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What is your load out? Your personal essential gear list? (Read 1313 times)
06/11/18 at 23:01:31

paladin8640   Offline
Future Participant

Posts: 21
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There is the required gear list that we’re all supposed to have. I am curious as to what the various paddlers and veterans consider “essential”. The basics not with standing, pfd, water, boat, paddle etc.
 
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Reply #1 - 06/12/18 at 02:25:22

Ozark paddler   Offline
3X MR340 Veteran
Independence Missouri

Posts: 170
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Sun screen, SPF chap stick, Aleve (pain medicine), Excedrin Migraine, sunglasses, bandana, GPS, multi tool, duct tape. My back band and my seat cushion. Those things and my food are about all I carry in the boat.

I've pared down my gear each year to just things I have actually used in every race and thats what I'm down to.
 
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Reply #2 - 06/12/18 at 10:52:34

KY Paddler   Offline
3X MR340 Veteran
Madisonville, KY

Posts: 79
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The question doesn't go far enough.  Supported or Unsupported?
 
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Reply #3 - 06/12/18 at 10:55:27

Dead Last Johnnie O   Offline
6X MR340 Veteran
2X Gritty Fitty Veteran
Race Volunteer
3X Kawnivore Veteran
4X Kawlloween Veteran
See me on land? Tell me
GET BACK IN BOAT!!!
Belton,Mo

Posts: 525
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Ozark paddler wrote on 06/12/18 at 02:25:22:
I've pared down my gear each year to just things I have actually used in every race and thats what I'm down to.


Curious, other than mandatory items, anything you keep onboard that you hope you NEVER use?

DLJ
 

The faster you can go, the less time you'll be in pain-FlyinLow
 Don't stop--West Hansen 
 DEAD LAST > DID NOT FINISH > DID NOT START
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Reply #4 - 06/12/18 at 13:59:21

Meanhorse   Offline
5X MR340 Veteran
Kawlloween Veteran
Ground Crew Veteran

Posts: 93
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I like Ozark paddler list. I replaced the sun glasses and bandanna with a big straw hat though. I think that works supported or not. Oh, bring money.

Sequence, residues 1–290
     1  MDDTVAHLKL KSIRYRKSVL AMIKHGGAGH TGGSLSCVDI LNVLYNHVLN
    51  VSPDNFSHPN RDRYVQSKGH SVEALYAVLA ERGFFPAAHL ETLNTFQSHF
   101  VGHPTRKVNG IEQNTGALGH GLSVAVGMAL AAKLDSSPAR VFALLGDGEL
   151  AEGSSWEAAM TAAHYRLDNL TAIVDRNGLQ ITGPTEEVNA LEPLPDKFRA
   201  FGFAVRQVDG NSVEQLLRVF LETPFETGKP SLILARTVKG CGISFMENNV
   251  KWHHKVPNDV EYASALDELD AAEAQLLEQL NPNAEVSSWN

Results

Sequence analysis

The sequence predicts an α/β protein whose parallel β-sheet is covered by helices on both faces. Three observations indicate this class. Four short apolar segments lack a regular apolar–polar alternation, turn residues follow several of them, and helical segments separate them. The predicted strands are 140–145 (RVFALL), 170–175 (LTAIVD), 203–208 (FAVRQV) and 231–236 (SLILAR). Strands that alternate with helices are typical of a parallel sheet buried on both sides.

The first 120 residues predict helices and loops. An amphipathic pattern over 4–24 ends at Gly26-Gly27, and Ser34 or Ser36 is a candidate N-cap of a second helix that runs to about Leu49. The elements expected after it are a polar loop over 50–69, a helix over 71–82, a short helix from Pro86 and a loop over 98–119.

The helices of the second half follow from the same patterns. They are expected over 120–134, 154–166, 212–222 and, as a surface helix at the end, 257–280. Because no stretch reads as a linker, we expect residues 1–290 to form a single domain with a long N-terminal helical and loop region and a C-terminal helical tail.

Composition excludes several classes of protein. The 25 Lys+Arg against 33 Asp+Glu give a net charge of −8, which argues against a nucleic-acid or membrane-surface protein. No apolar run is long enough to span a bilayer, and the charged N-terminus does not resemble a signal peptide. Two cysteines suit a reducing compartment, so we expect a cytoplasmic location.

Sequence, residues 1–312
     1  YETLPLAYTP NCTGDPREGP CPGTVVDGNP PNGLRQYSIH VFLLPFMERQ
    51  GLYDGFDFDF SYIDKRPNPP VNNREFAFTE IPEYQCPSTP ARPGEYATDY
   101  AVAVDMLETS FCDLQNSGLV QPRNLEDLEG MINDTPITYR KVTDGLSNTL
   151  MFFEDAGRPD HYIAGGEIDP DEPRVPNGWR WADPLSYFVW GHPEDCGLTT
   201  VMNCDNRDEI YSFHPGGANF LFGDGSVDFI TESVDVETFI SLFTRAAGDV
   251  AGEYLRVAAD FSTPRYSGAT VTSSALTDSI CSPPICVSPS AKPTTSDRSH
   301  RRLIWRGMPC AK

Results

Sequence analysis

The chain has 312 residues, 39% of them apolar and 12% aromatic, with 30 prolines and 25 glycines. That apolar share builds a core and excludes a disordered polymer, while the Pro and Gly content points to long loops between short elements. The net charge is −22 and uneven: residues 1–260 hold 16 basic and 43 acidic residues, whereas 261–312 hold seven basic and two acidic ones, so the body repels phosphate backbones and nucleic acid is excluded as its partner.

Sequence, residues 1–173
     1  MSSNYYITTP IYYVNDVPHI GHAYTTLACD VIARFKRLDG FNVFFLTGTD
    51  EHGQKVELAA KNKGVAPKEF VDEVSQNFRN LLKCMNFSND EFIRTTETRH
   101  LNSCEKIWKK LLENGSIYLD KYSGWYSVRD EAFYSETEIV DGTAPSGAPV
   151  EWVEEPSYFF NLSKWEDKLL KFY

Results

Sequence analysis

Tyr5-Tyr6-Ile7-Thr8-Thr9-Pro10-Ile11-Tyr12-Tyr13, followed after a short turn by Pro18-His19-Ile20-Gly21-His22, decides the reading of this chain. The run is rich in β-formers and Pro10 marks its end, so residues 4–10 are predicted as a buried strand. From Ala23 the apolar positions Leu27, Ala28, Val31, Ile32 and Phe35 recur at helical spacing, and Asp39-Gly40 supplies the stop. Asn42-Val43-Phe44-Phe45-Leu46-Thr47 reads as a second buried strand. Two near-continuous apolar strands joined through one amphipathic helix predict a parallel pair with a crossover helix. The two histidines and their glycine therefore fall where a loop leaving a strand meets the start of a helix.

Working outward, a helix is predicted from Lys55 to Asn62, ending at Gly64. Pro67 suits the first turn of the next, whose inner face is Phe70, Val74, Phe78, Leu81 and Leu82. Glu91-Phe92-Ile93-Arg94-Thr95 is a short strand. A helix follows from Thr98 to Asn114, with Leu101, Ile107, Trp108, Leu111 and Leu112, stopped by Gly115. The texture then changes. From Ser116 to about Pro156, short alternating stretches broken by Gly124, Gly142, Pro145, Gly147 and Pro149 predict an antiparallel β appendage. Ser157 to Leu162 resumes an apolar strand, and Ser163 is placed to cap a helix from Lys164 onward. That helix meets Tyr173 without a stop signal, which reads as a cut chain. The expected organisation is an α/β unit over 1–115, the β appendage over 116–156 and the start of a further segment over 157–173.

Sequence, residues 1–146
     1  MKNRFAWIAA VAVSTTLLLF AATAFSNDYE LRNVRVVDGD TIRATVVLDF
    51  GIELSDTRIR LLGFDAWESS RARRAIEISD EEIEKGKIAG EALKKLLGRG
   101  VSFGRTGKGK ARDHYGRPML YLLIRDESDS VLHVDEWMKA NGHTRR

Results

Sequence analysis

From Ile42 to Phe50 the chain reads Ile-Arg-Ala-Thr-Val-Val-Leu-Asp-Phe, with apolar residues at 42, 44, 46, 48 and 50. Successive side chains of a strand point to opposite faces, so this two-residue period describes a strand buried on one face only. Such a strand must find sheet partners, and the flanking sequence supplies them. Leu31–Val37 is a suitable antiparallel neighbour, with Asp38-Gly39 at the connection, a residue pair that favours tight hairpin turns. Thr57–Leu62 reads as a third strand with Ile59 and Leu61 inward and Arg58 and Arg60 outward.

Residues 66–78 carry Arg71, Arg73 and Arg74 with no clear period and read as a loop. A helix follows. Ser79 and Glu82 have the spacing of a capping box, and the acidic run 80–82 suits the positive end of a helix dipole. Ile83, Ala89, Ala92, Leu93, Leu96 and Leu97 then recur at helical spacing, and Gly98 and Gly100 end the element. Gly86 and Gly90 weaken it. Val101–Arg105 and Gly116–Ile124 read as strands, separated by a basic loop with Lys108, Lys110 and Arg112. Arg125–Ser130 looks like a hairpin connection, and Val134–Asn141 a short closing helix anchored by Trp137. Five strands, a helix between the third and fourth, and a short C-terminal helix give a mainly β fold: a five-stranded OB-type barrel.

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Reply #5 - 06/12/18 at 17:19:33

Notorious D.A.D.   Offline
3X MR340 Veteran
Wichita KS/Scottsdale AZ

Posts: 211
***
 
Every year my list gets shorter.

In the boat

1. Small tool kit (duct tape, zip ties, multi-tool, 1 wrench that fits every nut on my boat)
2. 8 liters of water/gatorade
3. Enough food to have 50 calories per hour until resupply
4. GPS
5. homemade mileage cheat sheet
6. paddling gloves
8. throw away rain poncho
9. ziplock bag with small sunscreen, band-aids, ibuprofen, chapstick, pepto tablets & one spare set of GPS batteries.


Attached to my PFD or worn.

1. Phone
2. water activated emergency strobe
3. knife
4. keychain led flashlight
5. spot tracker
6. bandana
7. sunglasses
8. hat

Additional stuff at night

A good waterproof flashlight
safety glasses to keep the bugs out of my eyes.

My goal for this year is to keep my total kit under 25 lbs, including 16 pounds of water.

 
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Reply #6 - 06/12/18 at 17:21:19

Notorious D.A.D.   Offline
3X MR340 Veteran
Wichita KS/Scottsdale AZ

Posts: 211
***
 
[/quote]

Curious, other than mandatory items, anything you keep onboard that you hope you NEVER use?

DLJ
[/quote]

First aid kit!

 
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Reply #7 - 06/12/18 at 20:12:14

Ben   Offline
6X MR340 Veteran
Kawlloween Veteran
Gritty Fitty Veteran
Team Boucher & Son
Kansas City

Posts: 25
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It sounds weird, especially for late July, but I actually get a little cold at night, so I like an extra layer.
 
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Reply #8 - 06/12/18 at 21:14:53

Dead Last Johnnie O   Offline
6X MR340 Veteran
2X Gritty Fitty Veteran
Race Volunteer
3X Kawnivore Veteran
4X Kawlloween Veteran
See me on land? Tell me
GET BACK IN BOAT!!!
Belton,Mo

Posts: 525
******
 
Ben wrote on 06/12/18 at 20:12:14:
It sounds weird, especially for late July, but I actually get a little cold at night, so I like an extra layer.


NOT WEIRD!!! After all the energy spent during the day you WILL cool off at night especially the late night/early morning hours. More than one person has come into an early morning checkpoint shivering. If possible, put on a fresh dry set of clothes plus an extra layer for night time paddling.

DLJ
 

The faster you can go, the less time you'll be in pain-FlyinLow
 Don't stop--West Hansen 
 DEAD LAST > DID NOT FINISH > DID NOT START